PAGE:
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    ABSTRACT: Women with SLE have higher rates of persistent human papilloma virus (HPV) infections and precancerous lesions than healthy women. HPV vaccine is safe and effective in healthy females aged 9--26 years. There are limited data on the safety and immunogenicity of HPV vaccine in females with SLE, and none in adolescents with SLE. Our study evaluates the safety and immunogenicity of recombinant quadrivalent HPV vaccine, Gardasil, in adolescents and young women with SLE. This is a prospective, open-label study. Exclusion criteria included disease exacerbation within past 30 days; rituximab or cyclophosphamide within 6 months; pregnancy. Vaccine was administered at months 0, 2, and 6. Physical examination, SLEDAI scores and laboratory studies were performed at months 0, 2, 4, 6 and 7. Each patient's SLEDAI scores and laboratory profile in the year prior to vaccine administration were used as controls for that patient. Primary outcome measures were change in SLEDAI and mean HPV antibody titers. 27 patients, 12 to 26 years, were enrolled; 20 completed the study. Nine had mild/moderate lupus flares. Mean SLEDAI scores decreased from 6.14 pre-vaccination to 4.49 post-vaccination (p = 0.01). Of 12 patients with lupus nephritis, two experienced worsening renal function during/after the study and progressed to renal failure within 18 months of the study. Both had Class IV lupus nephritis with high chronicity scores (>= 8) on renal biopsies performed within one year prior to study entry. Seropositivity post-vaccine was >94% for HPV 6, 11, 16 and 18. Quadrivalent HPV vaccine seems generally safe and well tolerated in this series of adolescents and young women with SLE, with no increase in mean SLEDAI scores. Progression to renal failure in two patients was most likely secondary to pre-existing severe renal chronicity and not secondary to HPV vaccination. Immunogenicity to the quadrivalent HPV vaccine was excellent, with the seropositivity rate >94% in all four HPV types.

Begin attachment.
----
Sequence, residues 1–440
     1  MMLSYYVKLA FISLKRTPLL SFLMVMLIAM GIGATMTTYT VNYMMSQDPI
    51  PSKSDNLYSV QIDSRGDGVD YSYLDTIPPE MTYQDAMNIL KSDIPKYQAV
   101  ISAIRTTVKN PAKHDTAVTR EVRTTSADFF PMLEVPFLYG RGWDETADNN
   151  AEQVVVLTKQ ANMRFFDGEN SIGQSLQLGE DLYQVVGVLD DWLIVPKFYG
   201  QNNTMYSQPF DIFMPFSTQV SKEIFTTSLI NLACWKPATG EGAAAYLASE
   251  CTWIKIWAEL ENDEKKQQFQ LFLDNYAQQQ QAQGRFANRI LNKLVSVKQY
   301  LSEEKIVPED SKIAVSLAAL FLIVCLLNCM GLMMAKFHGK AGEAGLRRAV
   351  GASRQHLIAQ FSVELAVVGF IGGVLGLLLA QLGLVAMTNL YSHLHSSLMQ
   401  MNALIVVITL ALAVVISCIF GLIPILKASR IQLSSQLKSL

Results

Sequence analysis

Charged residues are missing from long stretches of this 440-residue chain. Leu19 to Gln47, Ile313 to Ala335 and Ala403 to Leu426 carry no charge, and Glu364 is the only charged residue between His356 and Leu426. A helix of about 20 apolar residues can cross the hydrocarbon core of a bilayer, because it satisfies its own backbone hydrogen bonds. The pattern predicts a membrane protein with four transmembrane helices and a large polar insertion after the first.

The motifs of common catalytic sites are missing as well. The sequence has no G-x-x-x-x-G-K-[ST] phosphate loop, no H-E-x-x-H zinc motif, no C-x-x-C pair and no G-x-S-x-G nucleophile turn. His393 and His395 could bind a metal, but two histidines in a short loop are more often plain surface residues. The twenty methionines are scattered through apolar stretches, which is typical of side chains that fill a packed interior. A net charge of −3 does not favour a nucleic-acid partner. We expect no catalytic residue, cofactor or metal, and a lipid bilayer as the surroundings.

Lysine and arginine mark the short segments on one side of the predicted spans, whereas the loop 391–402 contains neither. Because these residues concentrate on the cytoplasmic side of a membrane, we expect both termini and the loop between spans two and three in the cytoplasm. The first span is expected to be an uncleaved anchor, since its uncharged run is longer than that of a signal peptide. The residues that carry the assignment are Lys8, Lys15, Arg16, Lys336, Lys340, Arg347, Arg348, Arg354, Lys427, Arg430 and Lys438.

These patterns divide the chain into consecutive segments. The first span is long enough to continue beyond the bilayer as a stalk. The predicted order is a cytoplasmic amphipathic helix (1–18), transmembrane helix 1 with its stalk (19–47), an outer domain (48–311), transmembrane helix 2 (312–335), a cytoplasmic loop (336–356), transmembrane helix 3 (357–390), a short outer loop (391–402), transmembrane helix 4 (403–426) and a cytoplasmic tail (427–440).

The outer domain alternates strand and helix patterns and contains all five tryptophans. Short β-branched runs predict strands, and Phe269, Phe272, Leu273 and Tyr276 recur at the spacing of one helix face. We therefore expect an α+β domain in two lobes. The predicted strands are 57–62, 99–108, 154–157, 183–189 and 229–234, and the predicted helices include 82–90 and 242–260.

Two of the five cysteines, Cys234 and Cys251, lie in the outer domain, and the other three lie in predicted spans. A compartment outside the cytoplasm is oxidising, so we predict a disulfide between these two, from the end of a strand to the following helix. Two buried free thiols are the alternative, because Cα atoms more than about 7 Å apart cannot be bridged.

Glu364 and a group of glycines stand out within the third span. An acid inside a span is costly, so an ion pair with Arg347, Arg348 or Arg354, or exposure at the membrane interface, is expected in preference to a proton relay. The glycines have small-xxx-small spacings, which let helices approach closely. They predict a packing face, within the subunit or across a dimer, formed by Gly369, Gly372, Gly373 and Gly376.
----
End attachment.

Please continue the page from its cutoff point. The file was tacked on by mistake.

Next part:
Preview · Article · Aug 2013 · Pediatric Rheumatology